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If you’ve got $700 to spend, you can now buy the rose gold plated Huawei Watch

Huawei dazzled an entire throng of journalists when it showed off its first Android Wear smartwatch earlier this year, but we had to wait a little longer for the release than we wanted to due to software issues and further design refinement. The wait is finally over though, and we’ve got all the details regarding one of the most beautiful Android Wear watches ever.

Updated on 11-20-2015 by Andy Boxall: Added in news the rose gold Huawei Watch is now for sale

Huawei Watch preorders started for the stainless steel and black models in the U.S. on September 2, and retailers began stocking them online from September 17. You can grab one from Huawei, Amazon, Best Buy, or the Google Store.

There are a variety of configurations ranging from $350 all the way up to $800. The stainless steel version is priced at $350 if you opt for a leather strap, while the metal bracelet option will bring it up to $400. You will have your choice of either a steel link or stainless steel mesh bracelet. You can also opt for the black-coated steel version with a metal band for $450.

Finally, the rose gold plated stainless steel version will set you back $700 with an alligator-pressed brown leather strap or $800 with a rose gold strap. The former became available to buy through Huawei’s own online store on November 20, but according to the company stocks are limited, so you’ll need to be quick with your wallet if you want one.

At the start of November, Huawei put the Watch up for pre-order in its Vmall store accessible in the UK. The Watch also appeared inside the Google Store, and will be sold in selected Selfridges retail stores. By the end of the month, all black and silver versions were on sale, but the gold models weren’t listed.

The basic silver with leather band Watch is £290, or £330 with a metal Link or Mesh strap. The black model starts at £330 with a leather band, and shifts to £370 with a Link strap. According to this report, the unlisted rose gold model will cost a massive £600.

The Huawei Watch is an Android Wear smartwatch with a classic circular timepiece design inspired by Swiss watches. It’s made from 316L cold-forged stainless steel and sports a scratch-resistant, two-layer sapphire crystal display. The diameter of the entire watch casing is 42mm, which is the size of the larger Apple Watch. It’s also a little thicker than the Apple Watch (11.3mm vs. 10.5mm). You will also find traditional watch elements, including a crown, frame, and lugs.

The watch bands are interchangeable, and Huawei offers several options, including stainless steel and genuine leather. And if you hate Huawei’s bands, you can slap on any band that has a lug width of 18mm. The casing itself comes in the three colors of gold, silver, and black to accommodate differing tastes.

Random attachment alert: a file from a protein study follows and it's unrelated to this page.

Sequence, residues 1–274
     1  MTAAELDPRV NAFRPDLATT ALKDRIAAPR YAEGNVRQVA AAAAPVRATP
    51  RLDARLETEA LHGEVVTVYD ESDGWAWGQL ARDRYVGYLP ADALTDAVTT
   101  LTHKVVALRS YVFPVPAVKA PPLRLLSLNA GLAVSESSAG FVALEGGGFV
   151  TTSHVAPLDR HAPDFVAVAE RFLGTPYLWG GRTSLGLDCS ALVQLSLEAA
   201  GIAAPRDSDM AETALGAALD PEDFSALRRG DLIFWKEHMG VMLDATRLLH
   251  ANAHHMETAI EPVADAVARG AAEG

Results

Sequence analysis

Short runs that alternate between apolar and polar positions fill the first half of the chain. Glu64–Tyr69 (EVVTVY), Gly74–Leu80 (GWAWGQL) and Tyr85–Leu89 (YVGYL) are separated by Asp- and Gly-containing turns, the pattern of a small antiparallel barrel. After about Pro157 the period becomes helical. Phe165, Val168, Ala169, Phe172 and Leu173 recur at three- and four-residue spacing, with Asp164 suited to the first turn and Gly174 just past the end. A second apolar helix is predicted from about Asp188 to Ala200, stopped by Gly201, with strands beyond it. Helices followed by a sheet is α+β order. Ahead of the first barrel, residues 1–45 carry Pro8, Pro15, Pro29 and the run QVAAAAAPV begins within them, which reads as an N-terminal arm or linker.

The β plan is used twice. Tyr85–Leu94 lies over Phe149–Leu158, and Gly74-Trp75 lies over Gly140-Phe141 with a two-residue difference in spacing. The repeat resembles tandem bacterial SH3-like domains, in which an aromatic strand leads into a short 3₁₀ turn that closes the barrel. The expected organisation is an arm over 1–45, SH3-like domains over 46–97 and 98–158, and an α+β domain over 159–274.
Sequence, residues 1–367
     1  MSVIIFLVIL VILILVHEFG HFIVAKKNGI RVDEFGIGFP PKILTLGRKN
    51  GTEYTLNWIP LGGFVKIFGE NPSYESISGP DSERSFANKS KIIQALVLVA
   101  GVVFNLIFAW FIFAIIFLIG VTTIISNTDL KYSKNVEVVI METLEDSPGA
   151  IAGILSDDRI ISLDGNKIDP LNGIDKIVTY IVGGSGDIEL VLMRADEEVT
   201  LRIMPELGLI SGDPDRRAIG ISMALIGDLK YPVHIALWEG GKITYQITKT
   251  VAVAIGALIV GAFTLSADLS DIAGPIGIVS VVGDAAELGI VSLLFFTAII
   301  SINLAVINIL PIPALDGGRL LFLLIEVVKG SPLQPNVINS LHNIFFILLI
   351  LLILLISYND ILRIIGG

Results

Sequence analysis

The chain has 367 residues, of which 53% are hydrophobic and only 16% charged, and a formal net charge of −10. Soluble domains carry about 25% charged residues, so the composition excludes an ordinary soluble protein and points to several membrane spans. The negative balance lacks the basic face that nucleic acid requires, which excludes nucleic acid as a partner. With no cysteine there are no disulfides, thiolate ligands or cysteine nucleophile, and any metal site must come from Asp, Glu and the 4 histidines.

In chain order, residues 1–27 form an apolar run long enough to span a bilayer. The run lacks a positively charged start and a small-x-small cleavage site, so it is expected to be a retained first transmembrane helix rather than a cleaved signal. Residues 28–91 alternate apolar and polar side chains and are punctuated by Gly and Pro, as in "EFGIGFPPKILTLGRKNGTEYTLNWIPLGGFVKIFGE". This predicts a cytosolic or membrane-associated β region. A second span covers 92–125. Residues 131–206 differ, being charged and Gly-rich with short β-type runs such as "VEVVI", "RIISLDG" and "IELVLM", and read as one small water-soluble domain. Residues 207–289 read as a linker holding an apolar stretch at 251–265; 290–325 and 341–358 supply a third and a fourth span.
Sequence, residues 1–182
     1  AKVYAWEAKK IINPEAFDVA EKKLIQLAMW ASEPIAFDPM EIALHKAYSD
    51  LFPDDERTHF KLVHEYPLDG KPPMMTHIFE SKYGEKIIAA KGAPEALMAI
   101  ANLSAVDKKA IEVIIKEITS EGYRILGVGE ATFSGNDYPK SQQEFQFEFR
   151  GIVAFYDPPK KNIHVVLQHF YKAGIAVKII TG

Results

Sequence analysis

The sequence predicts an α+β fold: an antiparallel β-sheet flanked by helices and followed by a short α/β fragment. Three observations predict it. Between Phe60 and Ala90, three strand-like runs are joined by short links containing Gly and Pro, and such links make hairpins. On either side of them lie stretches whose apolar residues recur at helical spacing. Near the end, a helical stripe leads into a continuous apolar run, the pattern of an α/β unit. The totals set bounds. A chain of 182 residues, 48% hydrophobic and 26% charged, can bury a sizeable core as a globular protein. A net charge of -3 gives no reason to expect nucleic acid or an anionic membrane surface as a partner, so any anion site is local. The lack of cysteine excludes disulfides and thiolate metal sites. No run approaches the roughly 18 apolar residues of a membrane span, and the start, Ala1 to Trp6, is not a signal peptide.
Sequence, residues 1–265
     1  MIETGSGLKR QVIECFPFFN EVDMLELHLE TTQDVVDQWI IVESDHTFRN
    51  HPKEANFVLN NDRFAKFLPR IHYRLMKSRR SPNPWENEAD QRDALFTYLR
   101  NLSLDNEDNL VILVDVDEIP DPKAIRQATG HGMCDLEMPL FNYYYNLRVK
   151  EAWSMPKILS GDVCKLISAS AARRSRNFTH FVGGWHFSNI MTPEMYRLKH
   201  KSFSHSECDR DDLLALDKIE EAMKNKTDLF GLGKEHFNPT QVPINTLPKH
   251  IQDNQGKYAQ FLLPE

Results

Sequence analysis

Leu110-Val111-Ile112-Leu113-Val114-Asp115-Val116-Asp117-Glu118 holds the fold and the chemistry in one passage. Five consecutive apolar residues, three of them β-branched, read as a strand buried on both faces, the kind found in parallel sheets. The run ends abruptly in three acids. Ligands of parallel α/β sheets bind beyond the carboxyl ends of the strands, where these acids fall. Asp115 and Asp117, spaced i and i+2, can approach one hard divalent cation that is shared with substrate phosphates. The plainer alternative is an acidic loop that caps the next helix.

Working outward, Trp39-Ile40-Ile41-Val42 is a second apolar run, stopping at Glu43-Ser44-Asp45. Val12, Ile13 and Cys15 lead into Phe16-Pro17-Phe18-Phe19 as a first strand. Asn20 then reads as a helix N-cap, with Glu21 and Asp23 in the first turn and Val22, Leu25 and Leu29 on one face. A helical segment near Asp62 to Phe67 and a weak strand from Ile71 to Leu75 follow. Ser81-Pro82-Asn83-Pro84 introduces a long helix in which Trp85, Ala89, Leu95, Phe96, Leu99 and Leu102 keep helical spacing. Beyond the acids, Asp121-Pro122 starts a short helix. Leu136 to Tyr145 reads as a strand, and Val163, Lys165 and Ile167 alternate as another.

The specs of the Huawei Watch are similar to other Android Wear watches except for the display. The 400 x 400 pixel resolution display is the highest we have seen on an Android Wear watch. The 1.4-inch AMOLED display should prove to be extra sharp with its 286 pixels per inch.

It’s powered by a 1.2GHz Qualcomm Snapdragon 400, and includes 512MB of RAM, 4GB of internal storage, and a 300mAh battery. The battery is rated for two days, but we presume that is with the Always On display turned off. The watch can be charged up to 80 percent in as little as 45 minutes or 100 percents in 75 minutes via the included magnetic cradle.

The Huawei Watch runs Android Wear, supports notifications, and works with Google Now voice commands. There’s a six-axis motion sensor, a barometric sensor, and a heart rate monitor for measuring activities such as walking, cycling, or climbing. It also calculates steps, calories burned, and your sleep — just like every other smartwatch with Android Wear.

The Huawei Watch was first revealed in early 2015 at the Mobile World Congress trade show in Spain. We were at the event, and managed to get some time with the watch. You can see our hands-on video below.

The Huawei Watch took its time to actually go on sale, given it debuted six months before it hit the shelves. According to He Gang, an executive from Huawei’s smartphone division, the Android Wear platform caused problems. The company adapted Android Wear to work without Google’s services in China, where they aren’t available, and to adopt Huawei’s suite of apps instead. It was a time-consuming and highly technical operation, and apparently forced Huawei to push the release date.

In an interview with The Wall Street Journal in late June, Huawei’s Yang Yong confirmed the delay, and while he stated the international launch would go ahead before the end of 2015, he admitted there could be continued delays in getting the watch on sale in China. He also said it was Android Wear that has caused the delay, and added that as it’s an entirely new product for the company, issues were to be expected.

During this same interview, Yong indicated the company used the time to tweak the design, making it “less bulky, more akin in appearance to a classical wrist watch with a round case.”

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